Three parishes will merge to form Holy Family Parish

By Barb Arland-Fye
The Catholic Messenger

A 20-year engagement is about to become a marriage. Three parishes — St. Mary-Riverside, Holy Trinity-Richmond and St. Joseph-Wellman — are merging to form Holy Family Parish, the name they chose. Bishop Thomas Zinkula announced today (June 10) that the union will take effect July 1.

“This is the best kind of merger, a ‘friendly merger.’ After collaborating for many years, the parishes recognized that they could be stronger together,” the bishop said. “They could better accomplish their mission united as one. So they approached the diocese and requested permission to merge.”

The parishes’ pastor, pastoral associate and parishioners who spoke to The Catholic Messenger believe the union is a blessing for the faithful of the merging parishes. “Each parish is viable on its own, but feels much stronger working together as a family unit,” Father Bill Roush, the pastor, wrote in a letter to Bishop Zinkula requesting the merger.

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Father Roush’s letter provides an overview of the growing collaboration among the three parishes, which total about 700 families. Their parish councils have met together for the past seven years and their finance councils have met together for the same period, sharing each other’s financial statements on a quarterly basis. Beginning this year, one finance secretary serves all three parishes. They share confirmation class, first reconciliation and first Communion re­treats. They acquired a religious education director who has standardized lesson plans for all three parishes, which still meet at their respective locations. The parishes also share a deacon/pastoral associate and a business administrator.

“Even though they can stand on their own, our parishes feel they would benefit by being together as one, and supporting each other. Together, we would have a stronger presence in our community,” Father Roush said. “The parishes have been together for so long. Let’s do what we can to bond that; it’s a marriage.”

Feedback from parishioners has been positive, although some parishioners have expressed fear of a loss of their identity. “I totally understand,” Father Roush said. “But the fact is we’re not going to get rid of any church, not in the foreseeable future. We will continue to have Mass at each of the church buildings. I would not change Mass times for any reason.”

With the merger, “the average parishioner is not going to notice anything has changed,” he said. “Each of the churches will retain its name — St. Mary, St. Joseph and Holy Trinity — followed by the phrase, ‘of Holy Family Parish.’”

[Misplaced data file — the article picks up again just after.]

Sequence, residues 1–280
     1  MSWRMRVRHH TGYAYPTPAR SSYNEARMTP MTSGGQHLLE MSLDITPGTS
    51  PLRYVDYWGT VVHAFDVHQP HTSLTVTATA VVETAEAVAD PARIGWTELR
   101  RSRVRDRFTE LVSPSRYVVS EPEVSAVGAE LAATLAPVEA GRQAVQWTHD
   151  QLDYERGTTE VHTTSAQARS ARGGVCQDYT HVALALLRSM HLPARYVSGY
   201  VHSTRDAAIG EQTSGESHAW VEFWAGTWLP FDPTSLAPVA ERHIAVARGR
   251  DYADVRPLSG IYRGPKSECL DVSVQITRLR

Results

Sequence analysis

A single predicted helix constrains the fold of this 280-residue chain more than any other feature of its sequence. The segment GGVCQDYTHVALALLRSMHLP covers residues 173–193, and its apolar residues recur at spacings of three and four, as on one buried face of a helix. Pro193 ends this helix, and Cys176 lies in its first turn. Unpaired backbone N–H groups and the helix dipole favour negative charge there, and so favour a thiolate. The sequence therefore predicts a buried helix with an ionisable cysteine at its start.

Now is the opportune time to merge “because all three parishes are in about the same space financially.” St. Mary Parish has completed a more than $750,000 capital campaign — strongly supported by the other two parishes — that provided for major and necessary work on the church building and grounds. St. Mary serves as the administrative center.

Jane Duwa, a longtime member of Holy Trinity Parish who served as parish secretary saw the light, so to speak, when she became business administrator for all three parishes in 2019. “I really had my eyes opened when I started here. I thought, ‘This is crazy’” — three sets of everything, from financial and other reports to purchases of votive candles, altar bread and supplies for each church. Seeing the work that Financial Secretary Tami Edwards does to prepare reports for each parish has had the biggest impact on Duwa. Joint purchasing will create economy of scale and eliminate confusion about purchase orders and divvying up costs among three separate parishes.

“I think it’s an absolutely good thing,” said Junell Duwa, a lay director for St. Joseph Parish. “I know some people have mixed feelings; that’s a normal reaction to change. It seems as though people are responding in a positive way. It’s going to be for the betterment of all of us down the road.” As time goes on, the shortage of priests and personnel make it necessary for parishioners to prepare and to accommodate, she said.

The individual churches will continue to have their fall dinners and other events that draw people together from all three. As the pandemic restrictions ease, “We’re like little kids in a candy store getting together. It’s just so much fun to see each other again.”

Sandy Marner, a member of Holy Trinity Parish, is excited about the merger. “I feel like we’ve been one parish; this solidifies it. I think it will streamline so many things and give us more opportunities,” she said.

Deacon Derick Cran­ston, pastoral associate for the three parishes, said the work toward a merger has been coalescing for the past couple of years. The pandemic provided time to reflect and re-evaluate. “Father Bill did a great job getting as much feedback as possible.”

Beginning July 4, the first Sunday following the merger, Holy Family Parish will adopt the motto: “One parish, three churches,” Deacon Cran­ston said. “We want each church to keep its identity and heritage, bringing all of that into one parish.” The parishioners, who voted for the unified par­ish’s name, have commented, “We’ve worked together like a family, going to each other’s dinners and fundraisers,” he said. “We’re all going to benefit from sharing our assets and working together.”


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